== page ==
Capital Ideas

Yves Choueifaty has some interesting views. In Active managers can’t beat a benchmark, they are the benchmark today, he writes,

One aspect of this perception is true: the average active manager cannot beat a cap-weighted market benchmark. But that is where the truth ends.

The reason for that lack of outperformance does not stem from a lack of skill. This perception problem haunting active managers is rooted in a very simple, yet profound, misunderstanding of market benchmarks and how the market works.

The belief that active managers do not represent value is fuelled by misguided arguments made by passive managers, including pioneers of index investing who have been known to call active management “a loser’s game” and have argued most investors should favour passive investment and avoid active management.

He claims that this argument confuses the role of benchmarks,

By definition the average active manager cannot outperform the benchmark because the benchmark is determined by the sum of activity carried out by both active and passive managers. And because passive managers have no impact on the direction of the benchmark — they merely follow rather than drive its direction — it is, in fact, the sum of all the bets taken by active managers that define the benchmark.

It is obvious that it is impossible for the average active manager to outperform (or underperform) the average active manager. The benchmark is, after all, the output of all the activities carried out by active managers.

He adds the warning,

To assume a benchmark is an input to the investment process is a dangerous mistake. Yet this is exactly what passive management does. If investors decided to allocate all their capital to passive management, as advocates of the index-tracking world would recommend, the global economy would implode.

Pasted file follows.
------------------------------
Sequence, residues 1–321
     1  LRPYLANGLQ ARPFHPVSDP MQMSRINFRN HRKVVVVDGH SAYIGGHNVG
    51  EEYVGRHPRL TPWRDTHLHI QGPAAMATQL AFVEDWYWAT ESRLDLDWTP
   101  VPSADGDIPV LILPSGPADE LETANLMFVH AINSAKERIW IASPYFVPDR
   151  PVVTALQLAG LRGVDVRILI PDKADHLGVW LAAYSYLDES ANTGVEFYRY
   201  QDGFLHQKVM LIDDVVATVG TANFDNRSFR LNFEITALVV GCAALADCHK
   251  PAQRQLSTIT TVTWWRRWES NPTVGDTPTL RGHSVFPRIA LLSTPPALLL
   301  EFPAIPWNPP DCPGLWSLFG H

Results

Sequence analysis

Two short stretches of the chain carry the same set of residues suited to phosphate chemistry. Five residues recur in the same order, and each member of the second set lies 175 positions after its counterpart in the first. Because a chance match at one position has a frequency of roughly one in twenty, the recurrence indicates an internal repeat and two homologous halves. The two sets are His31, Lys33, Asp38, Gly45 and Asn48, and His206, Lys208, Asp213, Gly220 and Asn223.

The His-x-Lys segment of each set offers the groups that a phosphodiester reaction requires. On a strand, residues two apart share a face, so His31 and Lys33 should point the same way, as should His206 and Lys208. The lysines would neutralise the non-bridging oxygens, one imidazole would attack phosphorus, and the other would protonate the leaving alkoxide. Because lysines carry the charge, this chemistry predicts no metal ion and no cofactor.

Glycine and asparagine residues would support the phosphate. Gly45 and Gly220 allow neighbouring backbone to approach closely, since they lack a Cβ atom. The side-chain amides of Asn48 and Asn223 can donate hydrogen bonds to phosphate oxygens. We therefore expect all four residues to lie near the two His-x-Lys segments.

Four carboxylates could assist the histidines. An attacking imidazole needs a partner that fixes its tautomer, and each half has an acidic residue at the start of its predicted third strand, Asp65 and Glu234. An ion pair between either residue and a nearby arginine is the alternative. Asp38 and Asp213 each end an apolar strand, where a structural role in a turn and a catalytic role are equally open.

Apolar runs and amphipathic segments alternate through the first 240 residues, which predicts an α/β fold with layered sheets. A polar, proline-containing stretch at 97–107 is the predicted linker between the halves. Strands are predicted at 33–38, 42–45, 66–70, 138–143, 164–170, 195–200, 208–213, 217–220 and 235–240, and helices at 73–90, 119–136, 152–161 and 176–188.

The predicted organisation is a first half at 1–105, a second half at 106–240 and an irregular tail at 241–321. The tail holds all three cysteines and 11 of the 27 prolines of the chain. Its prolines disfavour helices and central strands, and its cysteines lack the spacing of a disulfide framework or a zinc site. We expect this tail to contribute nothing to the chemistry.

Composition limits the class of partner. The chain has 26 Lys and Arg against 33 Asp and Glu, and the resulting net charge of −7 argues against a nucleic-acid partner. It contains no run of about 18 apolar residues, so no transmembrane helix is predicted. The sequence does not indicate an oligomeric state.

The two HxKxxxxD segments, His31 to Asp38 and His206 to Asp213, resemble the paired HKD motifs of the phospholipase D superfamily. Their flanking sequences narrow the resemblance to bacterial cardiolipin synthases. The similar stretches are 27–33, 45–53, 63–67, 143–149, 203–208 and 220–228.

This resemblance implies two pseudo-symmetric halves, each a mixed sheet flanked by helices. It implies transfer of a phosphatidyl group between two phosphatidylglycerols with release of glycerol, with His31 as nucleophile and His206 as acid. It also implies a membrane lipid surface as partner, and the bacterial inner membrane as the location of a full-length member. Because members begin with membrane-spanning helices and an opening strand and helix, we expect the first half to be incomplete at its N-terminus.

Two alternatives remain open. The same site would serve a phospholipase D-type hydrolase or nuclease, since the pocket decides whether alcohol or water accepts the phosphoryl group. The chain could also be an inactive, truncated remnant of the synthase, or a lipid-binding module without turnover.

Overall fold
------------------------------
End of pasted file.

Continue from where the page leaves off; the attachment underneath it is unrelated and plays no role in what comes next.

There is much more from him here, and an FT interview of him in May 2015.

In the interview, he proposed that passive portfolios are not neutral but in fact, dynamic asset allocators which place more money with overvalued stocks. To solve this problem, he set up an ‘anti-benchmark’ fund that tracks proprietary anti-benchmark indices. The idea behind the fund is that there is no universally agreed and formal measure of diversification, and hence, to create one such measure and use it to create an index of maximum diversification. According to the interview, it is an idea that takes no bets on style or valuation.

(At this point, I have no opinion on his maximum diversification idea, merely a wait and see position, although I have a suspicion that long term it might not fare so well because of the divergence in asset class performance and other factors – but I may be wrong. Having said that, I don’t know the engine under the bonnet of the fund.)

The main idea I wanted to bring to the forefront though, is how little we value good allocation of capital for the safety and prosperity of the markets as a whole. In fact, in one of my earliest posts in August 2014, Radioactive Cold Cream and Rational VolatilityI wrote,

Someday, we will look back at the way capital was allocated, the crude way we invested and estimated risk and thought, how naïve we were, how reckless. Just like in the early days when radioactive materials were discovered and used for cosmetics and novelty items.